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Jacob
a piebald sheep with four horns
Ram at the Royal Show at Stoneleigh Park, Warwickshire
Conservation status
  • FAO (2007): not at risk
  • RBST (2017): Category 6
Other names Spanish Sheep
Country of origin United Kingdom
Standard Jacob Sheep Society
Traits
Weight
  • Male:
    54 to 82 kg (120 to 180 lb)
  • Female:
    36 to 54 kg (80 to 120 lb)
Wool colour piebald – black or grey with white patches
Face colour badger-faced – black cheeks and muzzle, white blaze
Horn status horned in both sexes; may have two or four horns
Jacob Sheep skull at the Royal Veterinary College anatomy museum
Four-horned Jacob skull in the anatomy museum of the Royal Veterinary College in London

The Jacob is a British breed of domestic sheep. It combines two characteristics unusual in sheep: it is piebald—dark-coloured with areas of white wool—and it is often polycerate or multi-horned. It most commonly has four horns. The origin of the breed is not known; broken-coloured polycerate sheep were present in England by the middle of the seventeenth century, and were widespread a century later. A breed society was formed in 1969, and a flock book was published from 1972.

The Jacob was kept for centuries as a "park sheep", to ornament the large estates of landowners. In modern times it is reared mainly for wool, meat and skins.

History

The origins of the Jacob are not known. It has been bred in the British Isles for several hundred years. Sheep of this kind, little different from the modern breed, were shown in paintings from about 1760 at Tabley House in Cheshire, and – by George Stubbs – at Wentworth Woodhouse in Yorkshire.

In the de Tabley family, the tradition was that the piebald sheep had come ashore in Ireland from a wrecked ship of the Spanish Armada in 1588, and been brought to England by Sir John Byrne on his marriage.

Among the many accounts of ancient breeds of piebald sheep is the story of Jacob from the first book of the Hebrew Bible, called by Christians the Old Testament. According to the Book of Genesis (Genesis 30:31–43), Jacob took every speckled and spotted sheep from his father-in-law's (Laban's) flock and bred them. Due to the resemblance to the animal described in Genesis, the Jacob sheep was named for the Biblical figure of Jacob sometime in the 20th century.

In 2009, a study which used endogenous retrovirus markers to investigate the history of sheep domestication found the Jacob to be more closely linked to sheep from Africa and South-west Asia than to other British breeds, though all domestic breeds can be traced back to an origin in the Fertile Crescent.

Some believe that the modern breed is actually the same one mentioned in the Bible (although there is little genetic evidence) having accompanied the westward expansion of human civilisation through Northern Africa, Sicily, Spain and eventually England. Elisha Gootwine, a sheep expert at the Israeli Agriculture Ministry, says that the resemblance of a British breed to the Bible story is a coincidence, that the breed was not indigenous to ancient Israel, and that "Jacob Sheep are related to Jacob the same as the American Indians are related to India".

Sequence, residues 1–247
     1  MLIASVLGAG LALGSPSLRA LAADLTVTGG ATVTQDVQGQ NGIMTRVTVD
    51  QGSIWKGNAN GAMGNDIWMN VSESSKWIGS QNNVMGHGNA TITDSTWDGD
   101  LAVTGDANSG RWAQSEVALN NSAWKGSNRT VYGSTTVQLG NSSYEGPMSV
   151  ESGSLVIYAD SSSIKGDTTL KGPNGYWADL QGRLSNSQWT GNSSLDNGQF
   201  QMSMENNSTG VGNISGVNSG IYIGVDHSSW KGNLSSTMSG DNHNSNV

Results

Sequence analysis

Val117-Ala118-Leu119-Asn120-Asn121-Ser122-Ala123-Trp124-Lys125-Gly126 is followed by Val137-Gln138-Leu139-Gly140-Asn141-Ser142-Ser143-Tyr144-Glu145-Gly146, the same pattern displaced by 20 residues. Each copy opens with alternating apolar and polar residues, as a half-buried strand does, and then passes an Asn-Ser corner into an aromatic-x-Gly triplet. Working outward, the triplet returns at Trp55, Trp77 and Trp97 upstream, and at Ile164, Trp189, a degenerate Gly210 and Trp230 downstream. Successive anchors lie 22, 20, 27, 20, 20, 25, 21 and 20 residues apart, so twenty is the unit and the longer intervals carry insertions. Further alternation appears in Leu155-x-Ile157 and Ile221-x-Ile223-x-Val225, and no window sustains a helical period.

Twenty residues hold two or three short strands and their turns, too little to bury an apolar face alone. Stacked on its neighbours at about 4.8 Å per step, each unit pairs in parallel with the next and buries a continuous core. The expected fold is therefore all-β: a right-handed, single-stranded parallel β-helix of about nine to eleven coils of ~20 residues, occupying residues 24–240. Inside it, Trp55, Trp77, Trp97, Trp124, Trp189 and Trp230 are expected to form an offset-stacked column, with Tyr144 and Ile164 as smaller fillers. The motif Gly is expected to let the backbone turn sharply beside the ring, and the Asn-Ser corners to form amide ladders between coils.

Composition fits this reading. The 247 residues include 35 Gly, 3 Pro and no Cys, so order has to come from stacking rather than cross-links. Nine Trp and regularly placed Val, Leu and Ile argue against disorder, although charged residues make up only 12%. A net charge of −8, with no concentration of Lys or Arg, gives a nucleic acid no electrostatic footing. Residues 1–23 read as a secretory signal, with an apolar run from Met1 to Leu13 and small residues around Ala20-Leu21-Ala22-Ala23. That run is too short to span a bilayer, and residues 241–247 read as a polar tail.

The Jacob was referred to as the "Spanish sheep" for much of its early recorded history. It has been bred in England for at least 350 years, and spotted sheep were widespread in England by the mid–18th century. The British landed gentry used Jacob as ornamental sheep on their estates and kept importing the sheep which probably kept the breed extant.

A breed society, the Jacob Sheep Society, was formed in July 1969. Mary Cavendish, dowager Duchess of Devonshire, who had a flock of Jacob sheep at Chatsworth House in Derbyshire, was the first president of the society. From 1972 onwards, the society published a flock book.

Jacobs were first exported to North America in the early 20th century. Some individuals acquired them from zoos in the 1960s and 1970s, but the breed remained rare in America until the 1980s; registration began in 1985. The first North American association for the breed, the Jacob Sheep Breeders Association, was established in 1989. The Jacob was introduced to Israel in 2016, when a small flock of about 120 head was shipped there from Canada by a couple who believes the breed is the same one mentioned in Genesis.

Conservation status

In 2012 the total Jacob population in the UK was reported to the DAD-IS database of the FAO as 5638, of which 2349 were registered breeding ewes. In 2017, the Rare Breeds Survival Trust listed the Jacob in Category 6 ("Other UK Native Breeds") of its watchlist, in which categories 1–5 are for various degrees of conservation risk, and category 6 is for breeds which have more than 3000 breeding females registered in the herd-book. Small numbers of Jacobs are reported from four other countries: the Czech Republic, Germany, the Netherlands and the United States, with conservation status in those countries ranging from critical to endangered-maintained.